Wednesday, June 8, 2016

TRANSFORMERS: Devastation - The hero Gotham deserves

There was a time in my life when I lived and breathed Transformers. It is an absolute tragedy that the children of this generation will grow up thinking that Transformers is merely an excuse for giant robots to make sexual innuendos and for Megan Fox to show us the wonders of extensive plastic surgery. The 80s/90s were truly a wonderful time, and the Transformers franchise was one of the major contributors. TRANSFORMERS: Devastation is a game that does not include Megan Fox. Nor does it include any sexual innuendos. Let me repeat--this is Transformers without Megan Fox. Rejoice, fellow acolytes of Transformers. This is a game that sets out to restore what made Transformers so great in the first place. That is--cheesy writing, big guns, transforming robots, and most importantly--those robots smashing each other to bits.
He's asking about her latest visit to the surgeon.
Gameplay - TRANSFORMERS: Devastation brings the Platinum fighting system beautifully into the world of Transformers. This system is almost identical to Bayonetta and Metal Gear Rising: Revengeance. However, there is the addition of vehicle combos during moments of ‘focus’ (a state achieved after successfully dodging an attack). It is a blast driving around as a car and punching an enemy while transforming back into robot form as the game slows down just enough to make that punch feel solid and satisfying.
Weapons all feel appropriately weighted--hammers and sniper rifles feel slow and powerful, swords and machine guns feel smooth and effective, etc.
It's the tesseract! No-wait. That can't be right.
There are five playable characters, two of which must be unlocked by playing the first few missions. Optimus Prime, Bumblebee, Sideswipe, Wheeljack, and Grimlock (yes, the Tyrannosaurus Rex from the Dinobots). Each character feels relatively distinct, offering unique gameplay and personality. My personal favorite was Grimlock (of course) with his quirky moveset and heavy hitting. He is, by default, the most powerful character. I equipped him with a thermal hammer and a machine gun, while frequently utilizing his fire breathing capabilities while in Tyrannosaurus Rex form.
While the length of the game seemed appropriate to me, some may find it to be an issue. The campaign can be finished within six hours. The replay value is pretty high as the game ‘rates’ each battle with a letter grade. It is challenging to bump that C or D up to an SS rating. There are also 50 challenges offered outside of the campaign to further boost the replay value.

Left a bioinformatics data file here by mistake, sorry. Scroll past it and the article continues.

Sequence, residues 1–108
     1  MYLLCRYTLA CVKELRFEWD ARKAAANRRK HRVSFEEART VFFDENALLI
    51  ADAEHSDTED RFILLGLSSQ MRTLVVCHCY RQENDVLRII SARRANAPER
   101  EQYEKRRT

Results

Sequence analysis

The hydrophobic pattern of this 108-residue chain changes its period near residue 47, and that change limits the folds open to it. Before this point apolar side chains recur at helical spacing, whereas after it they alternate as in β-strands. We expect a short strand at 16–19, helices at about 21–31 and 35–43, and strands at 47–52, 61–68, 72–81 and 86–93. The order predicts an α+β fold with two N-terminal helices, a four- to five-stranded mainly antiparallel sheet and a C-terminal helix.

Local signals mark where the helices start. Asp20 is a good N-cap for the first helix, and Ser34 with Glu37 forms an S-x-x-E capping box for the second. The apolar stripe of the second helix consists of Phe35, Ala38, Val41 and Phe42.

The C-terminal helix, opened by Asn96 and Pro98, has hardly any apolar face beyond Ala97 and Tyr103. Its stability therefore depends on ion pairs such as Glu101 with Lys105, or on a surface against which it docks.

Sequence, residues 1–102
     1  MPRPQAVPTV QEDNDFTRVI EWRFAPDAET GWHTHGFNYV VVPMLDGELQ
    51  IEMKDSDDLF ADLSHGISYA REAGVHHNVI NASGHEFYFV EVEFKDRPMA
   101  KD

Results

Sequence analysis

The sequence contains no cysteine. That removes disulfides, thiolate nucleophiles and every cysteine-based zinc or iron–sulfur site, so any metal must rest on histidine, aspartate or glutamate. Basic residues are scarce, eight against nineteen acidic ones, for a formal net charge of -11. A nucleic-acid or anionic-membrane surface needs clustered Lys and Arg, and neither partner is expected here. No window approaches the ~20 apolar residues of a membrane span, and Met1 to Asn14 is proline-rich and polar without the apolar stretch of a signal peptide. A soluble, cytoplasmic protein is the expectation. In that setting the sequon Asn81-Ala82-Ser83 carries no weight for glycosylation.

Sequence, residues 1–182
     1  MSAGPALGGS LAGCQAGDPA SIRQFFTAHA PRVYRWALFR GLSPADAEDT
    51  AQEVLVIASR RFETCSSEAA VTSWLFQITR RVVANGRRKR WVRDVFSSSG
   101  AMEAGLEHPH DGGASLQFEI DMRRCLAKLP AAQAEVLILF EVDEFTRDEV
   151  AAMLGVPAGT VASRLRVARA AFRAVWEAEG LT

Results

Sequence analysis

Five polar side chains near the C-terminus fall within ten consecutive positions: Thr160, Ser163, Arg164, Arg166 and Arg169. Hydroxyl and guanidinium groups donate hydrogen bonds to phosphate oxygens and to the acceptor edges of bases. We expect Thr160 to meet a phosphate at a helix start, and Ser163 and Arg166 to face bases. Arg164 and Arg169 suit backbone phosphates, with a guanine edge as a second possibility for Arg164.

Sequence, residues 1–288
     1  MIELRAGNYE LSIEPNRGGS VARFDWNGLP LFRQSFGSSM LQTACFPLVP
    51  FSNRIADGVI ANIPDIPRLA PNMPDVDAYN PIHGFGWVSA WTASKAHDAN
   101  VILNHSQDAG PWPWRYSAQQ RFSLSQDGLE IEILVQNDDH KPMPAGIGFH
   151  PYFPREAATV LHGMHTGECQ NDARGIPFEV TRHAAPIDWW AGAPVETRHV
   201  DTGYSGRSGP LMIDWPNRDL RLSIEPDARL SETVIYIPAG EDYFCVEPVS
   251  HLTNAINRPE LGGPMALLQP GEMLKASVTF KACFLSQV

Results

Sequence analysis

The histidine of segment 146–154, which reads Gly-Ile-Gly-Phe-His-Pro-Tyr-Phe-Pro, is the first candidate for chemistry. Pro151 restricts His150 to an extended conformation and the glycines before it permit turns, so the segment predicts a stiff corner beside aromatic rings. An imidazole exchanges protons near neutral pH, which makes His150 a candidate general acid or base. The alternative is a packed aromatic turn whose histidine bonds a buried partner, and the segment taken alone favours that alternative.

Presentation - The art is true to the golden age of the Transformers franchise, echoing that 90s cartoon art style. Animations are beautifully rendered, somehow reminiscent of smooth velvet. Merely watching each character transform is mesmerizing in and of itself. However, with that being said, it’s not all roses.
Welcome to generic city. This will be your permanent home.
The maps are extremely repetitive. At least fifty percent of the game is played in the same boring city. Maps outside of the city are generally not developed particularly well, often Tron-like in their simplicity.
Similarly, the bosses are reused over and over again, as if the studio decided that they wanted ‘x’ number of boss fights but ran out of budget to make each one unique. Each boss is challenging and distinct, but become more and more monotonous with each consecutive meeting.
While the third person view lends itself perfectly to the beat ‘em up nature of the gameplay, the game inexplicably becomes a top-down brawler for one single sequence (lasting no longer than ten minutes). During this sequence, it becomes difficult to telegraph enemy moves, making dodging an arduous feat left for more skilled Autobots than I. Shooting becomes downright impossible. This sequence was unpleasant and stands out as the worst part of the game. As previously stated, this perspective only appeared once throughout the six hour campaign (thank Primus).
I am proud to present this game with a solid ‘Pizza’ rating. Pizza is always good. Hell, pizza is always excellent. However, I’ve never had a pizza that changed my life. Pizza is always more or less the same. Satisfying. Beautiful in its modesty. But it’s no $200 steak that you eat with your pinkie in the air, let’s face it. For anyone craving a taste of what Transformers used to be, this game is well worth your time. Likewise, for anyone looking for a solid beat ‘em up, this game comes highly recommended. However, the story is forgettable, the maps aren’t particularly inspired, the bosses are reused and repetitive, and if I ever have to play that top-down sequence again, I might run off and join the Decepticons instead. TRANSFORMERS: Devastation is a breath of fresh air from the Transformers I.P. It is more than meets the eye.

Thanks for taking the time to read my review! Feel free to tell me to tell me your thoughts on TRANSFORMERS: Devastation in the comments. -Kodiak